Skip ahead four years and we get the game that people recognize today: What started as Match Game '73, continued up to Match Game '78, then continued on simply as Match Game up until 1984. This time there were only two contestants, but six celebrity panelists. Dick DeBartolo, the same writer who had suggested the saucier questions in the original series, was asked to come back and write for the show again. This time, the questions alternated players, and for each question, all six panelists gave an answer. For each one that matched the contestant's answer, that contestant won one point. This was done twice for each contestant. Whoever was in the lead at that point went on to the Super Match.

The Super Match started with an Audience Survey, much like the original show. The contestant won $500, $250 or $100 depending on if they got the 1st, 2nd or 3rd most popular answer. Then it went on to the Head-to-Head Match, where the contestant picked one panelist, and both were asked one final question. If they gave the same answer, the winnings were multiplied by 10.

Now, you may have noticed that this Audience Survey bit sounds an awful lot like Family Feud. This is no coincidence. It was from this that the producers got the idea for Family Feud. Richard Dawson was a regular panel member on Match Game '7X, and he was so popular that when it came time to start Family Feud, they asked him to host it.



Online CJones

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Re: LoC 69: Top 51 Gameshows Countdown!
« Reply #111 on: April 14, 2013, 08:31:34 PM »
#11 Wheel of Fortune - 63 Points

<a href="http://www.youtube.com/v/y_Qndkk0AKE" target="_blank" class="new_win">http://www.youtube.com/v/y_Qndkk0AKE</a> <a href="http://www.youtube.com/v/R8IFVUemrAI" target="_blank" class="new_win">http://www.youtube.com/v/R8IFVUemrAI</a>

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Okay, who else here remembers the days when the contestants had to spend their winnings on prizes, rather then getting it in cash? The changeover took place in 1987 for the evening show, 1989 for the daytime show, which was cancelled in 1991. People seem to have forgotten that was ever the case.

Wheel of Fortune started in 1975, and was created by Merv Griffin to replace Jeopardy! (which he also created) on NBC, which after 11 years, was scheduled to end. In fact Wheel of Fortune started the very next week after the last episode of Jeopardy! Of course, both shows still exist, but only in syndicated form now. The show was originally hosted by Chuck Woolery (of Love Connection and Scrabble fame), but after a salary dispute with Griffin he quit Pat Sajak was brought in to replace him in 1981. Sajak stayed with the syndicated version of the show, which aired in the evening, but another two hosts came after him on the network (daytime) version: Rolf Benirschke & Bob Goen. No, I've never heard of them either.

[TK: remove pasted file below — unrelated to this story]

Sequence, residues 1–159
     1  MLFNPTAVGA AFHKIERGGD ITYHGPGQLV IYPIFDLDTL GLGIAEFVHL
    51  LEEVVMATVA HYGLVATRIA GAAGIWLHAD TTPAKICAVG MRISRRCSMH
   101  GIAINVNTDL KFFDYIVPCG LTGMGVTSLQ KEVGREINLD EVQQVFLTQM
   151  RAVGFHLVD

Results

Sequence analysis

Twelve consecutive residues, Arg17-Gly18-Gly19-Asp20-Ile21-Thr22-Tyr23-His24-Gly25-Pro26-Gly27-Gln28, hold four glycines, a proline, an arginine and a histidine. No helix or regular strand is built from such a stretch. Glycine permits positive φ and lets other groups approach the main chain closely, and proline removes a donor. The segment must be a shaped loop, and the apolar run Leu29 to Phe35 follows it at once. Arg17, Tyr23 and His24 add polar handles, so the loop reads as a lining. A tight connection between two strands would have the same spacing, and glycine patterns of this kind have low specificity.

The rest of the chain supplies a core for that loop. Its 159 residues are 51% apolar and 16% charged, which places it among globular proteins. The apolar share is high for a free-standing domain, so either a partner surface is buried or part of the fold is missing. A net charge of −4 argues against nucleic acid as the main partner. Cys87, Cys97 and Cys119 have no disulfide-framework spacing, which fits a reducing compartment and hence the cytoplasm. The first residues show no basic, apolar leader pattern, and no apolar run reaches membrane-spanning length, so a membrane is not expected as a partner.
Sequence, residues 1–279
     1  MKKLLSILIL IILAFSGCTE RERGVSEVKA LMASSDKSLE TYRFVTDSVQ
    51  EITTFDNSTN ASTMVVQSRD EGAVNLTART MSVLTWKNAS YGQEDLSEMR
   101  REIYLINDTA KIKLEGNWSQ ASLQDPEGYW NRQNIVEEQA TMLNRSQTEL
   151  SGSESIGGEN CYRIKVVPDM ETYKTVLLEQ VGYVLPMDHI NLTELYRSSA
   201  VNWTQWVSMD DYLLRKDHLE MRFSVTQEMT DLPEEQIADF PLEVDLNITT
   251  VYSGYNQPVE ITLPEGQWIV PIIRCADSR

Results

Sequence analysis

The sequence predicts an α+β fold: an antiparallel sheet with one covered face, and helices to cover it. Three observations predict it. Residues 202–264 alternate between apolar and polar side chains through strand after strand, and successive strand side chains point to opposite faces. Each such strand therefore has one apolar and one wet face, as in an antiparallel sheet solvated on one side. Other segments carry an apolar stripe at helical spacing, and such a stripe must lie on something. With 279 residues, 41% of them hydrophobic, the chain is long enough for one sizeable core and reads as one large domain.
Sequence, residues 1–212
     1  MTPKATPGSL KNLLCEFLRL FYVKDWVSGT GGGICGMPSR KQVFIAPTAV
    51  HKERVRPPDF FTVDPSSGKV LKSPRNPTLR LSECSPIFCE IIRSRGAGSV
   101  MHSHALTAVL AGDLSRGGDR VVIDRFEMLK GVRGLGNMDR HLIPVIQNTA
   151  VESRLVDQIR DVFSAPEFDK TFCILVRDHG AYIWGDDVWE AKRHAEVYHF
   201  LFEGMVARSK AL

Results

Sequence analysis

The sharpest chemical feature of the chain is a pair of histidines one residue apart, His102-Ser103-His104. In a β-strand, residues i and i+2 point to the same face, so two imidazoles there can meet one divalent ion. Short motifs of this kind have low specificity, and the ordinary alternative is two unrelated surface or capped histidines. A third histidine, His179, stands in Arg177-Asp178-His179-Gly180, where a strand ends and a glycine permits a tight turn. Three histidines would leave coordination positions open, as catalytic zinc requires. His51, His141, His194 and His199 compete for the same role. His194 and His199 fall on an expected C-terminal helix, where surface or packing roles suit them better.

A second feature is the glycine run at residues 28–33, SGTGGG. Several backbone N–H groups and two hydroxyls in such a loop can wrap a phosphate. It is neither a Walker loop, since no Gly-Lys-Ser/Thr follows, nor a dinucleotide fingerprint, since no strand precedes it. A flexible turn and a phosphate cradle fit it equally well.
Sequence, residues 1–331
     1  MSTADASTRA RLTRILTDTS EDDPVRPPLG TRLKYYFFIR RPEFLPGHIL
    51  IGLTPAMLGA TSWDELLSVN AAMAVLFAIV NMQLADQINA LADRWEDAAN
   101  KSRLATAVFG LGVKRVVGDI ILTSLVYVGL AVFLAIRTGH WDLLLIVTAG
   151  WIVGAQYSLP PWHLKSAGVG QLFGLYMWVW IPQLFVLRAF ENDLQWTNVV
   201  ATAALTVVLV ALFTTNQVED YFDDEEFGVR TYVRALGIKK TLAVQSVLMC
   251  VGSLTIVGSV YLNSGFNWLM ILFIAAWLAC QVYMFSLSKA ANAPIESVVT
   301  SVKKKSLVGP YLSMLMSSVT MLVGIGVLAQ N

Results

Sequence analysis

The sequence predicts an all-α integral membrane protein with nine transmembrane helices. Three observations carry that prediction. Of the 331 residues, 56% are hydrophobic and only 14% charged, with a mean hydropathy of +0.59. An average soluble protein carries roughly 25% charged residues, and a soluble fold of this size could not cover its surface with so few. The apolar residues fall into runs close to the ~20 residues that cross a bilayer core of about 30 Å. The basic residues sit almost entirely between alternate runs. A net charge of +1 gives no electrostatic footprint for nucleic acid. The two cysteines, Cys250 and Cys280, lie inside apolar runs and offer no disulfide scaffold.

The game is essentially Hangman. People spin a big wheel, guess a letter and score the value on the wheel for each of that letter that's in the puzzle. If there are none of that letter, or if the wheel lands on a Bankrupt or Lose a Turn, play goes to the next of the three contestants. Whoever guesses it correctly wins the amount they had banked during that round. Whoever's in the lead at the end of the game goes to a final bonus round, where they provide 5 consonants and a vowel, those letters, if any, are revealed, and the contestant has to solve that last puzzle.

The show has made lots of minor changes and additions over the years, such as the additions of toss ups, prize puzzles and a jackpot round. But I'd say there have been three really significant changes. One I've already mentioned, the changeover from prizes to cash. In the prize version, they could buy prizes in the "showroom", put it on a gift certificate for the now defunct Service Merchandise, or put it on account in the hopes that they'll win another round and be able to buy something big. The second is the fact that it became such common knowledge that RSTLNE were the most common letters that absolutely everyone always chose them. To get people to start picking different letters again, they just started giving them those letters for free and then asking for three more consonants and one more vowel.

And last, the role of the hostess has become completely superfluous. In the past, she actually had a job. She had to know what each letter was so it the wrong one lit up, or there was some technical failure, she could still turn the right one. Now she does effectively nothing but look pretty. Also, Vanna White wasn't the original hostess either. It was originally Susan Stafford. She left soon after Woolery.



Online CJones

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Re: LoC 69: Top 51 Gameshows Countdown!
« Reply #112 on: April 14, 2013, 08:32:43 PM »
That's it for today. Tomorrow we'll finally be getting into the Top 10.


Offline Mrs. Dick Courier

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Re: LoC 69: Top 51 Gameshows Countdown!
« Reply #113 on: April 14, 2013, 09:09:46 PM »